Philadelphia Passes Ordinance Restricting Certain Employer Inquiries Into, and Use of, Criminal Record History

On April 13, 2011, the Mayor signed Philadelphia Bill 110111-A, captioned the Fair Criminal Record Screening Standards Act, which, among other things, prohibits employers from including criminal record history questions on an employment application and from making personnel decisions based on records of an arrest that did not result in a conviction.

The Ordinance

The new ordinance creates three basic restrictions on the use of criminal record histories by employers subject to the Act:

  1. Employers may not inquire of applicants or employees about any arrest or criminal accusation that is not still pending and did not result in a conviction.
  2. Employers may not require job applicants to disclose any criminal convictions during the application process through the first "interview," and if employers do not conduct "interviews," they are prohibited from gathering any information regarding the applicant's criminal convictions during the hiring process. (The term "interview" is broadly defined to include "any direct contact by the employer with the applicant, whether in person or by telephone, to discuss the employment being sought or the applicant's qualifications.")
  3. Employers may not take any adverse action against an applicant or incumbent employee (e.g., refuse to hire, transfer, promote, or terminate) because of past arrests or criminal accusations which did not result in convictions.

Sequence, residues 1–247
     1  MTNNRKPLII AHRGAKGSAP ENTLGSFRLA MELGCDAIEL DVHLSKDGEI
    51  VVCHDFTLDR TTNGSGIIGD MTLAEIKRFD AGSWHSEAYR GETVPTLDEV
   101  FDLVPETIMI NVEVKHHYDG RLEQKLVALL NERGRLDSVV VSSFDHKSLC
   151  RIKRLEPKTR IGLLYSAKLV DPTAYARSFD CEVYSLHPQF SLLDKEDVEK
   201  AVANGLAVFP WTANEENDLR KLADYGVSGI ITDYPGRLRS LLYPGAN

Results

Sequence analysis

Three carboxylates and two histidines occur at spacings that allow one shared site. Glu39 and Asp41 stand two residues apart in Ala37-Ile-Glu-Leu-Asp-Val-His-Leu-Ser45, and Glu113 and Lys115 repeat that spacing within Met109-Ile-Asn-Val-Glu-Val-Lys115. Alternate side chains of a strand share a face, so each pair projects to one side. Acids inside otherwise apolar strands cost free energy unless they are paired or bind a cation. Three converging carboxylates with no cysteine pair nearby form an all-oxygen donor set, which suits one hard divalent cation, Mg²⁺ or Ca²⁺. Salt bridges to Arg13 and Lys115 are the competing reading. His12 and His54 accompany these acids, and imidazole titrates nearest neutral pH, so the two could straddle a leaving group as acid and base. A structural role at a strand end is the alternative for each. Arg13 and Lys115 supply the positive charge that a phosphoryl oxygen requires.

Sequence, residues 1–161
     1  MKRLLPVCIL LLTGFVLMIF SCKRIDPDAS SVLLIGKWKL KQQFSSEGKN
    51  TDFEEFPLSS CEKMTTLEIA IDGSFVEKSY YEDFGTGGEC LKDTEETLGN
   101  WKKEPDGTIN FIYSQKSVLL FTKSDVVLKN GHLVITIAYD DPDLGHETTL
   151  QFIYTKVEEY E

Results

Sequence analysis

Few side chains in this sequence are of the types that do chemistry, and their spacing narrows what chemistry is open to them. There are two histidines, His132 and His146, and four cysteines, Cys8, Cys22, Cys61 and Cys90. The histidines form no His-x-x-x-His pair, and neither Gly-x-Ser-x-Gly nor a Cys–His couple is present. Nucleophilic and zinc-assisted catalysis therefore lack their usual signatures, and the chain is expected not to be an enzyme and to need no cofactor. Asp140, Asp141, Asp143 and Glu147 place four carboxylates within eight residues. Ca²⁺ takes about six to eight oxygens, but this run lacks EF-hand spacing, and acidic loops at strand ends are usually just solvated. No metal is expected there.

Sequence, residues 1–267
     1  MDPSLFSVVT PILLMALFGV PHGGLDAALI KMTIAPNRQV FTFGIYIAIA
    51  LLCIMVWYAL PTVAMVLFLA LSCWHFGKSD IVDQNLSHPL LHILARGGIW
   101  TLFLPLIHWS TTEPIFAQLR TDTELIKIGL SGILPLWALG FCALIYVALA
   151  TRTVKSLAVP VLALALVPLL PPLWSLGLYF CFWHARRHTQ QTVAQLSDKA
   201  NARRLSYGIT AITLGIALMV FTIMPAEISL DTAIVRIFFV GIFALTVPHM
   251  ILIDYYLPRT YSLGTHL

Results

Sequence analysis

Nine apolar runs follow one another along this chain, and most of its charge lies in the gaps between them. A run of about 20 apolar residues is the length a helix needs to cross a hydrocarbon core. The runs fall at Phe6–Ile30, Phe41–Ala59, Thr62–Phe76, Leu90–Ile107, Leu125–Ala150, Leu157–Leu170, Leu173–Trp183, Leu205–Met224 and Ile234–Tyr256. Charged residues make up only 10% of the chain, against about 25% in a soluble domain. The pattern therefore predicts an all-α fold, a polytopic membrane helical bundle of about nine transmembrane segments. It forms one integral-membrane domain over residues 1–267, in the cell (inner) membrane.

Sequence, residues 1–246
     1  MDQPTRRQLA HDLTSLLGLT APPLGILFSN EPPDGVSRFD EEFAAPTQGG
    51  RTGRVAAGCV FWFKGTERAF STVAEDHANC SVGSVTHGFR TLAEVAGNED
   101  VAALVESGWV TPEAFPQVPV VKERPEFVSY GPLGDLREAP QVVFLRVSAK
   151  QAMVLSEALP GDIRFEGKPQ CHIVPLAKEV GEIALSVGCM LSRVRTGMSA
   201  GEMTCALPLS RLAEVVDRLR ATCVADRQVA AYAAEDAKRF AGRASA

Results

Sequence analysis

The new ordinance does not entirely prohibit Philadelphia employers from using any criminal record history information, but rather postpones the time frame where such inquiries are appropriate. Employers may continue to conduct background check screening that includes a criminal record history component or inquire about an applicant's criminal record history, provided that the screening or inquiry takes place after the initial "interview" (as broadly defined) and does not include information on past arrests or criminal accusations that did not lead to conviction.

The Philadelphia ordinance becomes effective 90 days from the date of passage, and applies to any employer that "employs ten or more persons within the City of Philadelphia," including job placement and temporary employment agencies. Employers who violate the new ordinance's provisions will be subjected to a fine, currently $2,000, for each violation. The Mayor's Office of Labor Standards or its designee will administer and enforce the ordinance. The ordinance does not explicitly provide for a private right of action to aggrieved applicants or employees. Accordingly, it remains to be seen whether a private remedy will be available otherwise.

In passing the ordinance, Philadelphia has now joined a growing chorus of states and cities to impose further restrictions on employer inquires into criminal record history. Massachusetts and Hawaii have enacted similar so-called "ban the box" legislation governing private sector employers. Minnesota, New Mexico and Connecticut have enacted analogous laws that apply only to public sector employers. Several other cities, such as Boston, Massachusetts, and Madison, Wisconsin, have implemented similar legislation in recent years.

Open Questions

There are many important questions regarding application and administration of the new Philadelphia ordinance to employers. Philadelphia employers should consult with counsel regarding the ordinance's applicability based on the particulars of their operations. For instance: